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Precision medicine for rare cancers could point to effective treatments

| | March 29, 2016

The GLP aggregated and excerpted this blog/article to reflect the diversity of news, opinion and analysis.

In the end, the mice couldn’t save Rob Ford, the controversial former mayor of Toronto, who recently died of cancer at age 46.

Late in 2015, bits of Ford’s liposarcoma, a rare cancer of connective tissue he’d been battling since 2014, were transplanted into specially bred mice as part of a clinical trial at Toronto’s Mount Sinai Hospital. The idea was that tumors would grow in the bewhiskered “avatars,” and then the mice would receive different chemotherapies individually and in combinations. Seeing which treatments shrunk the tumors would help Ford’s physicians determine what drug to give him.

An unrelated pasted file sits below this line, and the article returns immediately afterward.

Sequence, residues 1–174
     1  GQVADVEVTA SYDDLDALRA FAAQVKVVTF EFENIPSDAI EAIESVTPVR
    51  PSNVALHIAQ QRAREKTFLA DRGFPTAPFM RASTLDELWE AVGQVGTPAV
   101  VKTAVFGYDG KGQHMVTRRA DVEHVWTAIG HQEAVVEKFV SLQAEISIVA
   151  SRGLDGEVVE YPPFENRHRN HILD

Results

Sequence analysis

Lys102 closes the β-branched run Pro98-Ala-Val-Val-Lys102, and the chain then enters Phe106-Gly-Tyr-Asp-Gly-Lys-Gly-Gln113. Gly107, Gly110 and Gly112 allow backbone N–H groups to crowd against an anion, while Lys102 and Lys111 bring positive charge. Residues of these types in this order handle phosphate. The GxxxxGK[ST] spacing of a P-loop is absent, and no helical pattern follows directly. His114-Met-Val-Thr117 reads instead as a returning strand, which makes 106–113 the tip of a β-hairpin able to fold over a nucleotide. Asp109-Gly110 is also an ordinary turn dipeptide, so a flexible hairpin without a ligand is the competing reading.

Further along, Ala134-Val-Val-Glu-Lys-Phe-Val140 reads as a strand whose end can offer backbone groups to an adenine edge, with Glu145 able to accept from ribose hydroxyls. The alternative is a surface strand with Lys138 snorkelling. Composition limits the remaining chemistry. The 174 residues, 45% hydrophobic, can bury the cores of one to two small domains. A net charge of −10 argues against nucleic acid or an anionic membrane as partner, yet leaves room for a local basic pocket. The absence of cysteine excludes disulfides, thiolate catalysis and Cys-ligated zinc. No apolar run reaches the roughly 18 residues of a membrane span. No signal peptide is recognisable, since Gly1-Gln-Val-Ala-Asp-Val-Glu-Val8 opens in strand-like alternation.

And all of this would happen while sparing the former mayor from having to endure chemotherapy after toxic chemotherapy until one worked.

Cancer has become the chief proving ground for precision medicine. That generally means determining the genetic profile of a tumor, identifying mutations that might be driving it, and trying to disable those drivers with targeted therapies so as to slam the brakes on malignant cells’ uncontrolled proliferation.

Now “precision chemotherapy” aims to do that for old-line drugs.

By early March, according to local news reports, Ford’s tumors had been growing in mice for about three months. His family said scientists would start testing chemotherapies on the avatars no later than mid-March. Ford did not survive long enough for that.

But hopes for cancer avatars — formally called patient-derived xenografts, or PDXs — are very much alive.

Read full, original post: Lab mice were implanted with Rob Ford’s tumor in last-ditch effort to save him

The GLP aggregated and excerpted this article to reflect the diversity of news, opinion, and analysis. Click the link above to read the full, original article.
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